India to create its first overseas oil stockpile in US
New Delhi — India is exploring the possibility of storing crude oil in the Strategic Petroleum Reserve of the US as part of its energy security strategy.
Such an arrangement, which was discussed at the second India-US strategic energy partnership ministerial on Friday, will help India, the world’s third-largest oil importer, to tackle emergency situations and help it tide over short-term supply disruptions, Livemint reported.
“The sides signed a memorandum of understanding (MOU) to begin cooperation on Strategic Petroleum Reserves operation and maintenance, including exchange of information and best practices. They also discussed the possibility of India storing oil in the US Strategic Petroleum Reserve to increase their nation’s strategic oil stockpile,” the two countries said in a joint statement.
India will have oil reserves equivalent to at least 87 days of net imports, once the $1.6 billion second phase of Indian Strategic Petroleum Reserves (ISPR) programme is operational. It aims to add 12 days of crude storage. These facilities together will help support 22 days of India’s crude oil requirements.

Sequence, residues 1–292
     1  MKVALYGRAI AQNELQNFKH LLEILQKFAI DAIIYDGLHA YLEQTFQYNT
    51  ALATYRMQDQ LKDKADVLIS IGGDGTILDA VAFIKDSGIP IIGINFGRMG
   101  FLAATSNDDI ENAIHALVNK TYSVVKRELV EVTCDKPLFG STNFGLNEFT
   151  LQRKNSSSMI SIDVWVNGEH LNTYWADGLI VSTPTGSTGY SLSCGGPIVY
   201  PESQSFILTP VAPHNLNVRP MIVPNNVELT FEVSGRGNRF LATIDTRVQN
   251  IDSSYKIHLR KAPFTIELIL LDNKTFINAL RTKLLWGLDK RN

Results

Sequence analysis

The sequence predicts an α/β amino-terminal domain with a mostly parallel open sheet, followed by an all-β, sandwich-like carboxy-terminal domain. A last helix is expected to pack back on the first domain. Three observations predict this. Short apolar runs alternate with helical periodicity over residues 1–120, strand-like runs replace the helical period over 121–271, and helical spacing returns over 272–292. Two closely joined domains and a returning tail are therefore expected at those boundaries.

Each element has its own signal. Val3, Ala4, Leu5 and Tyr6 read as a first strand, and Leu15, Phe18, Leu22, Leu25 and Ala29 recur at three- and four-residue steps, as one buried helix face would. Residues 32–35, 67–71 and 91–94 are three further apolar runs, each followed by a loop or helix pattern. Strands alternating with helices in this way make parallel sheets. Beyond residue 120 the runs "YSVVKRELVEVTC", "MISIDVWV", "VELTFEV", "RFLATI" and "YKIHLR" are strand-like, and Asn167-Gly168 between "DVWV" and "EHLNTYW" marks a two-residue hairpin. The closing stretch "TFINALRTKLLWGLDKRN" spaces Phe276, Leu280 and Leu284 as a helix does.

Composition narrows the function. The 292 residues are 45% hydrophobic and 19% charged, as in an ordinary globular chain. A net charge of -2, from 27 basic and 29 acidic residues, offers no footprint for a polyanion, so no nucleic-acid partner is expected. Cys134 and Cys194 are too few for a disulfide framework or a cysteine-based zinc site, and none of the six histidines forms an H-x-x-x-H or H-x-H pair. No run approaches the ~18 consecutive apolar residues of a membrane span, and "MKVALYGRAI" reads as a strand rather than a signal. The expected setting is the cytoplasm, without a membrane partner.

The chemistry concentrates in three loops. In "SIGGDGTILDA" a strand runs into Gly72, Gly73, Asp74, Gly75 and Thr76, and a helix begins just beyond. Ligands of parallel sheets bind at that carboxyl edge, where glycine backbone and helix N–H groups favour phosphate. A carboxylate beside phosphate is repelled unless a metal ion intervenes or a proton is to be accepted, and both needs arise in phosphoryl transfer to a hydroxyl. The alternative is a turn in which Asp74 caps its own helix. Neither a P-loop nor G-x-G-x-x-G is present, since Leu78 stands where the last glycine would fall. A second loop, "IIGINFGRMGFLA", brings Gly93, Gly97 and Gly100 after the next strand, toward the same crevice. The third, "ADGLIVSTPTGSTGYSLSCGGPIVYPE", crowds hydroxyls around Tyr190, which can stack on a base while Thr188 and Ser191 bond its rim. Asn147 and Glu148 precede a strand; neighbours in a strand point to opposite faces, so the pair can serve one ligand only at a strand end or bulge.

Indian refiners also maintain 65 days of storage, taking the tally to 87 days.
In comparison, the International Energy Agency (IEA) countries hold 1.55 billion barrels of public emergency oil stocks. In addition, 650 million barrels are held by industry under government obligation, and is released as needed.
India has an existing storage capacity of 5.3 million tonnes —Visakhapatnam (1.33 mt), Mangaluru (1.5 mt) and Padur (2.5 mt)—which were built with an investment of $600 million in the first phase. This is operational and can support 9.5 days of net imports.
The NDA government has approved the construction of an additional 6.5 mt of strategic crude oil reserves at Chandikhol (4 mt) in Odisha and Padur (2.5 mt) in Karnataka.